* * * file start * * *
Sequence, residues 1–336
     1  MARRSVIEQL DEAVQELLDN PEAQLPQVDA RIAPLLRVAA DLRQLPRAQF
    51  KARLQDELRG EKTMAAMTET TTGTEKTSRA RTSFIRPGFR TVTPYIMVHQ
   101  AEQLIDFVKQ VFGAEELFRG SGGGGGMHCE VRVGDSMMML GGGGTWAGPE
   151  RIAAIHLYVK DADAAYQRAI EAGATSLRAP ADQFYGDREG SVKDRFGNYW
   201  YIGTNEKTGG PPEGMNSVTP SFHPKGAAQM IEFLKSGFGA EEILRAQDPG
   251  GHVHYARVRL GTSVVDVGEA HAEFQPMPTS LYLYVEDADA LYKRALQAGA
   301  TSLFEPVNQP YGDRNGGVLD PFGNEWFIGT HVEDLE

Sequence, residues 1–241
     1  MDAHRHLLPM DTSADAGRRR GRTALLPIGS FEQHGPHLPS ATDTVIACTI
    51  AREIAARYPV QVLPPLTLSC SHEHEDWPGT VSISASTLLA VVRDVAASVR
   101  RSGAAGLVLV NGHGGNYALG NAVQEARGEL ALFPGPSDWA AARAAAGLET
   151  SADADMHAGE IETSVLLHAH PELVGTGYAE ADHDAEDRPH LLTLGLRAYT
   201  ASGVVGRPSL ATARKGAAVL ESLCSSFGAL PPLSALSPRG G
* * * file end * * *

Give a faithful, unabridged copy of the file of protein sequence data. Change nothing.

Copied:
Sequence, residues 1–336
     1  MARRSVIEQL DEAVQELLDN PEAQLPQVDA RIAPLLRVAA DLRQLPRAQF
    51  KARLQDELRG EKTMAAMTET TTGTEKTSRA RTSFIRPGFR TVTPYIMVHQ
   101  AEQLIDFVKQ VFGAEELFRG SGGGGGMHCE VRVGDSMMML GGGGTWAGPE
   151  RIAAIHLYVK DADAAYQRAI EAGATSLRAP ADQFYGDREG SVKDRFGNYW
   201  YIGTNEKTGG PPEGMNSVTP SFHPKGAAQM IEFLKSGFGA EEILRAQDPG
   251  GHVHYARVRL GTSVVDVGEA HAEFQPMPTS LYLYVEDADA LYKRALQAGA
   301  TSLFEPVNQP YGDRNGGVLD PFGNEWFIGT HVEDLE

Sequence, residues 1–241
     1  MDAHRHLLPM DTSADAGRRR GRTALLPIGS FEQHGPHLPS ATDTVIACTI
    51  AREIAARYPV QVLPPLTLSC SHEHEDWPGT VSISASTLLA VVRDVAASVR
   101  RSGAAGLVLV NGHGGNYALG NAVQEARGEL ALFPGPSDWA AARAAAGLET
   151  SADADMHAGE IETSVLLHAH PELVGTGYAE ADHDAEDRPH LLTLGLRAYT
   201  ASGVVGRPSL ATARKGAAVL ESLCSSFGAL PPLSALSPRG G